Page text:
Institutions and Incentives in Regulatory Science

Contributions by James W. Conrad Jr., Susan Dudley, George M. Gray, Gary Marchant, Ross McKitrick, Rob Roy Ramey II, Katrina Wyman Edited by Jason Scott Johnston

Publication date:

12 April 2012

Length of book:

234 pages

Publisher

Lexington Books

ISBN-13: 9780739169469

Institutions and Incentives in Regulatory Science explores fundamental problems with regulatory science in the environmental and natural resource law field. Each chapter covers a variety of natural resource and regulatory areas, ranging from climate change to endangered species protection and traditional health-based environmental regulation. Regulatory laws and institutions themselves strongly influence the direction of scientific research by creating a system of rewards and penalties for science. As a consequence, regulatory laws or institutions that are designed naively end up incentivizing scientists to generate and then publish only those results that further the substantive regulatory goals preferred by the scientists. By relying so heavily on science to dictate policy, regulatory laws and institutions encourage scientists to use their assessment of the state of the science to further their own preferred scientific and regulatory policy agendas. Additionally, many environmental and natural resource regulatory agencies have been instructed by legislatures to rely heavily upon science in their rulemaking. In areas of rapidly evolving science, regulatory agencies are inevitably looking for scientific consensus prematurely, before the scientific process has worked through competing hypotheses and evidence. The contributors in this volume address how institutions for regulatory science should be designed in light of the inevitable misfit between the political or legal demand for regulatory action and the actual state of evolving scientific knowledge.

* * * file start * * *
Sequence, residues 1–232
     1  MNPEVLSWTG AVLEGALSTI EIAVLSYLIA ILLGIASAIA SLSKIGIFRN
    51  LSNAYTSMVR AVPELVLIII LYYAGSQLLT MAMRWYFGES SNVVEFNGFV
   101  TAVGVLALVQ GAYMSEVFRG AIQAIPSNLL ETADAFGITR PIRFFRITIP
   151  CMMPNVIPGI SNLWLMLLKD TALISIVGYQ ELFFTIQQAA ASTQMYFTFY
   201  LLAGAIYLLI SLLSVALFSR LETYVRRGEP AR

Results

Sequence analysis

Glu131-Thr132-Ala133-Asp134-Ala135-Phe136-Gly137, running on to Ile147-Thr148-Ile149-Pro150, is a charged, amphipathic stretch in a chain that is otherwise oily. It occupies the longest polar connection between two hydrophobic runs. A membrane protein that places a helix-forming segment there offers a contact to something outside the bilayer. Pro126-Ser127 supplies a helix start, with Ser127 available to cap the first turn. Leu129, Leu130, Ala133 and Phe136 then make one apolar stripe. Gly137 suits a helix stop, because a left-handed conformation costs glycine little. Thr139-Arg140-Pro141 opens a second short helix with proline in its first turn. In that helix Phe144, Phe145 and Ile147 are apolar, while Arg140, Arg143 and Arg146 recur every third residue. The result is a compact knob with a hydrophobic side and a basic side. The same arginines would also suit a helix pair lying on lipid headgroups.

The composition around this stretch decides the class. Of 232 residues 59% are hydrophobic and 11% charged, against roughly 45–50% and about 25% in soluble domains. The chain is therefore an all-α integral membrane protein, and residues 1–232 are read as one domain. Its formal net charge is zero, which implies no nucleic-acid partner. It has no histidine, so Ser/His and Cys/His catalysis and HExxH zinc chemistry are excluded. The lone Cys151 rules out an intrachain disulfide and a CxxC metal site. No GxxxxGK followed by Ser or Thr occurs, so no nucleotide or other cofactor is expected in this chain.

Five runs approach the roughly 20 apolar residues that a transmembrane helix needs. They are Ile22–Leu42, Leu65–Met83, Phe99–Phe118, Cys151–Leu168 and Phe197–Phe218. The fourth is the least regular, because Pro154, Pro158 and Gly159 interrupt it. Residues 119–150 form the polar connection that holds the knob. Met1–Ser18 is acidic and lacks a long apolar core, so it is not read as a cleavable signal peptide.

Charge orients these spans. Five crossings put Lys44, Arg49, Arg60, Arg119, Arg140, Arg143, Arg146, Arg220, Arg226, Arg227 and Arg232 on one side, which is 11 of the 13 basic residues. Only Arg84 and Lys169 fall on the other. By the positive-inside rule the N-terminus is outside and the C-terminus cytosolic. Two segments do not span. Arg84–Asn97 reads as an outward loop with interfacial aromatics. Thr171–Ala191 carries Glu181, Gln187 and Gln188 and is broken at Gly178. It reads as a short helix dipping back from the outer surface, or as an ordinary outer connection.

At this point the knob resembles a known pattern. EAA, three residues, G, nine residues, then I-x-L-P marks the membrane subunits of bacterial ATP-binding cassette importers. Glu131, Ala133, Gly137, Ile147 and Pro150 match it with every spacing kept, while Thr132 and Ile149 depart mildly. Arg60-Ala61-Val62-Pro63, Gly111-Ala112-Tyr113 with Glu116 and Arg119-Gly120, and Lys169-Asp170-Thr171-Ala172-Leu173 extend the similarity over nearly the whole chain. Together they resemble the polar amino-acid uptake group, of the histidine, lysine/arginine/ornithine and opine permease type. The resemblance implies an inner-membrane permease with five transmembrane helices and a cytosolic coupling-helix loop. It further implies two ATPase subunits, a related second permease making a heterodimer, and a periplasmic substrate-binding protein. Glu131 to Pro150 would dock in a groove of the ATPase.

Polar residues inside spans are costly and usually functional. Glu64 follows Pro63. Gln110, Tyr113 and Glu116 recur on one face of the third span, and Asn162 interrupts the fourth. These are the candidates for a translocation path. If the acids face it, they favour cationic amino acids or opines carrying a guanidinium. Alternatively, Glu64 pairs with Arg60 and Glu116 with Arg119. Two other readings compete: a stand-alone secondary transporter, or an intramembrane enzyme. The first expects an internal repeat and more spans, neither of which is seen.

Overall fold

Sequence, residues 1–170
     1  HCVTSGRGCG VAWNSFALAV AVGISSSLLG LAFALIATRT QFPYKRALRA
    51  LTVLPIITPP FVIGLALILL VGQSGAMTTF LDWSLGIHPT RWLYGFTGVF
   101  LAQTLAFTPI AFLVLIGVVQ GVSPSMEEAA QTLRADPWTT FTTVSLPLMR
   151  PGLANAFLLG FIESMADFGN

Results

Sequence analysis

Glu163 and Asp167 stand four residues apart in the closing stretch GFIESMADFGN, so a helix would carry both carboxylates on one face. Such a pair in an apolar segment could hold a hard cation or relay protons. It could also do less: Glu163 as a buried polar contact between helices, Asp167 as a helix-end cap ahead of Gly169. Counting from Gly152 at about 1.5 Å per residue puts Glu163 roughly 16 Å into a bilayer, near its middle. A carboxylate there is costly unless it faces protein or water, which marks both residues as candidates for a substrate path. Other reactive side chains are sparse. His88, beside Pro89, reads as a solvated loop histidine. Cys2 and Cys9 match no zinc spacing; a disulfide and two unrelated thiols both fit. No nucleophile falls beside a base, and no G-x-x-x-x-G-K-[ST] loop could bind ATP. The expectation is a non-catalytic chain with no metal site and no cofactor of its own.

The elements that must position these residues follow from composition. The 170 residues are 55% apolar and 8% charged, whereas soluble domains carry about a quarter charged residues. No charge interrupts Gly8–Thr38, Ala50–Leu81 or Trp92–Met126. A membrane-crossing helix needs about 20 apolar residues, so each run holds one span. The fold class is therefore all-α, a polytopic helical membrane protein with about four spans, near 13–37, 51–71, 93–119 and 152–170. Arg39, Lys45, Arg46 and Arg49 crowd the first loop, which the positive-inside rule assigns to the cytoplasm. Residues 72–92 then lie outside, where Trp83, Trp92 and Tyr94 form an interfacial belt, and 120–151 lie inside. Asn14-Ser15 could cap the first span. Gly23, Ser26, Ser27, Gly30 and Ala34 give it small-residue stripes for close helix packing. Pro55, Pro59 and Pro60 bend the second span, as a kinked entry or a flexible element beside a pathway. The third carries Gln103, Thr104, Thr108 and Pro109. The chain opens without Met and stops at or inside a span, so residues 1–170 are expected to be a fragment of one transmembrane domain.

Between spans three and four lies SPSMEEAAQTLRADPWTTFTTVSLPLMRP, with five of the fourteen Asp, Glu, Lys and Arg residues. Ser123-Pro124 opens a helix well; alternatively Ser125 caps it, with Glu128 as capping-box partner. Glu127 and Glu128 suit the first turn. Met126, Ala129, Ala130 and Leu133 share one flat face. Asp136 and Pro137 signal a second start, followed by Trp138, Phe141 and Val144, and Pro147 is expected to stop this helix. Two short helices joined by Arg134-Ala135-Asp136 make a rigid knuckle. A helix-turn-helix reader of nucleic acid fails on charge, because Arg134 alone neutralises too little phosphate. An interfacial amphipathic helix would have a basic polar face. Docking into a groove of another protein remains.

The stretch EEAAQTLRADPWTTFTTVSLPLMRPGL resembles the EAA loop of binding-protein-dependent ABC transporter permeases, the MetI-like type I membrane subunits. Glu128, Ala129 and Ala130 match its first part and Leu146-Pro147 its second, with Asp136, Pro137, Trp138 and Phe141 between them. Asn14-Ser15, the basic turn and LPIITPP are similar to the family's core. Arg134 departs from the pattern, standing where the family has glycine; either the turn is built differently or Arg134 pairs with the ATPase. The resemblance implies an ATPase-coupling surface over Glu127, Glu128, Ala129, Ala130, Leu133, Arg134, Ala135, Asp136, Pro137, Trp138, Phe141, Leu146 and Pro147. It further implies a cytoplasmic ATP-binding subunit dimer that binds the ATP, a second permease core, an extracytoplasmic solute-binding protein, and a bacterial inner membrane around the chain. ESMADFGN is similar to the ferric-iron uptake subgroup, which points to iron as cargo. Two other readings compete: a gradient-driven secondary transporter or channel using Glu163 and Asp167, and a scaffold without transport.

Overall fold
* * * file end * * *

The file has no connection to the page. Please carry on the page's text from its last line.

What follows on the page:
Institutions and Incentives in Regulatory Science is essential reading for people interested in how institutions affect regulatory agencies’ abilities to make decisions based on objective interpretations of scientific evidence of risks to health, safety or the environment.